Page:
How This Philly-Area Athlete Is Training for the 2022 Winter Olympics

West Chester resident Courtney Webb first rode a skeleton bobsled four years ago. Now, she’s hooked.

Courtney Webb, West Chester resident, skeleton athlete, and QVC host, is training to compete in the 2022 Winter Olympics. / Photograph courtesy of Courtney Webb.

As a kid, sledding down a snowy hill was pure joy, with a hint of thrill. Getting air time off a snow bank? Major bonus. Now imagine the, um, advanced version of your childhood winter pastime: plummeting head-first down an icy track on a skinny sled at almost 100 miles per hour.

No, this isn’t the stuff of nightmares. For West Chester resident Courtney Webb, it’s reality. As a skeleton athlete, she sleds head-first down a track — her chin just five centimeters from the ice — and uses minor shifts of her weight to make quick turns and avoid crashing. While on the track, she experiences up to 5Gs of gravitational force. To put that in perspective, that’s 2Gs more than that of a rocket launch.

Webb is currently in the midst of prepping for the 2022 Winter Olympics. We caught up with her to chat about her training process, how she balances skeleton with a full-time job, and what it takes to be an Olympic athlete.

Philadelphia magazine: How’d you get into skeleton?
Webb: I was introduced to the sport in 2015, pretty serendipitously. At the time, I was working out of a WeWork in New York City as a digital marketer, while trying to start my own company. I met now-Olympic athlete Lauren Gibbs in the kitchen area who stopped me and said, “You look like you workout. You have the perfect body for skeleton!” I honestly had no clue what she was talking about, but became super intrigued when she explained the sport, how it works, and how she pursued it after being similarly “recruited.”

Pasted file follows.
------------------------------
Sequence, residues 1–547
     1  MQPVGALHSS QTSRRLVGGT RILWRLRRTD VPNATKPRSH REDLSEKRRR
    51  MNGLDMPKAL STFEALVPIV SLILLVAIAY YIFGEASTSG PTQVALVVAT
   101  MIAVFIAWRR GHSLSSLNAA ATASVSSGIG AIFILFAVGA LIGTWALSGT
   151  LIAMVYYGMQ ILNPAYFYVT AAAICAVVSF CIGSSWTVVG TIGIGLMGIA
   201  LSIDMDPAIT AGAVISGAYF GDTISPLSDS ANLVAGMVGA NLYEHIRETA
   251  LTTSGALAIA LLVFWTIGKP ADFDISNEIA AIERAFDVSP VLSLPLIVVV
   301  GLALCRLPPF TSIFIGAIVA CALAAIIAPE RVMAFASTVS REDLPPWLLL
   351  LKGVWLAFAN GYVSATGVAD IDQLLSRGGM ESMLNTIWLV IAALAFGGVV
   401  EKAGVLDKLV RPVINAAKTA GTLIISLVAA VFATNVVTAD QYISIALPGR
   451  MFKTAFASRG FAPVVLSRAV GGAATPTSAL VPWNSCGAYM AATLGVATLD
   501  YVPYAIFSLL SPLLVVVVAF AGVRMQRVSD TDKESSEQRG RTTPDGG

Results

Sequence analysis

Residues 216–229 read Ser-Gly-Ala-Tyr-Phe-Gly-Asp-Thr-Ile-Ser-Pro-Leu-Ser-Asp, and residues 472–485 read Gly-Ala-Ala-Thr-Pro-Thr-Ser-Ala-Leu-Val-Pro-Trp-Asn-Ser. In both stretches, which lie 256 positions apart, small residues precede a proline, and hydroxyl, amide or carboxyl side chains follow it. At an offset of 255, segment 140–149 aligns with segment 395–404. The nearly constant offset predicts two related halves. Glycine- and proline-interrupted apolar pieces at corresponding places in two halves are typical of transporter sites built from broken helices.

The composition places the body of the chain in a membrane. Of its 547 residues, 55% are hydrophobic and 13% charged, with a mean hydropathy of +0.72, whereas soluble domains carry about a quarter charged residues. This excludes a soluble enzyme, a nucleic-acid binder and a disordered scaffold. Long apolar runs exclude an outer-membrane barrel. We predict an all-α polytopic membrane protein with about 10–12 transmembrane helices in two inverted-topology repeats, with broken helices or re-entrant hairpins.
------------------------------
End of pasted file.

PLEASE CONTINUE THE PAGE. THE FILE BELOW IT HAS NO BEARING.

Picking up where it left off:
Even though I had no experience, I decided to take a leap of faith and take the combine fitness test, which is protocol for the USA Bobsled and Skeleton Federation and involves sprints, broad jump, and shot toss. I won’t lie, I performed horribly, but something inside me motivated me to keep trying. I tested multiple times that year, and finally one of the coaches approached me and suggested I come out to Park City to train on the skeleton. Again, all of this was new to me, but I followed my gut instincts and flew out in November of 2016. Two months later, I committed to Olympic training.


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The skeleton bobsled seems pretty terrifying. What’s it like barreling head-first down a snowy track?
It’s super hard! I mean, you’re going down the track at a speed of at least 90 miles per hour, sometimes even faster if the ice is slick. The first time I went down, I was so dizzy. The Park City track [at Utah Olympic Park] has the highest G-force of any track in the world, meaning I can’t even lift up my head because the force on my body is so significant. Sure, I can’t always see what I’m doing, but I can feel whether or not my sled and I are moving the way we’re supposed to. That’s how I take control and quickly react while on the track.

Since your closest track is 2,000 miles away, how do you train when you’re not in Park City?